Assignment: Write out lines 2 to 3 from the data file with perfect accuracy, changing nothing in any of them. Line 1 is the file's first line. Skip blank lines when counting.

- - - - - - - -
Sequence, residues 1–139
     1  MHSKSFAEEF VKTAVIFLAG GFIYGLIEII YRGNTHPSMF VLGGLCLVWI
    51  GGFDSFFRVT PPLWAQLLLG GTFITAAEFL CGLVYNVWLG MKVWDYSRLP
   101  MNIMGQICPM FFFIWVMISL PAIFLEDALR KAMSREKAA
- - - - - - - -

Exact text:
     1  MHSKSFAEEF VKTAVIFLAG GFIYGLIEII YRGNTHPSMF VLGGLCLVWI
    51  GGFDSFFRVT PPLWAQLLLG GTFITAAEFL CGLVYNVWLG MKVWDYSRLP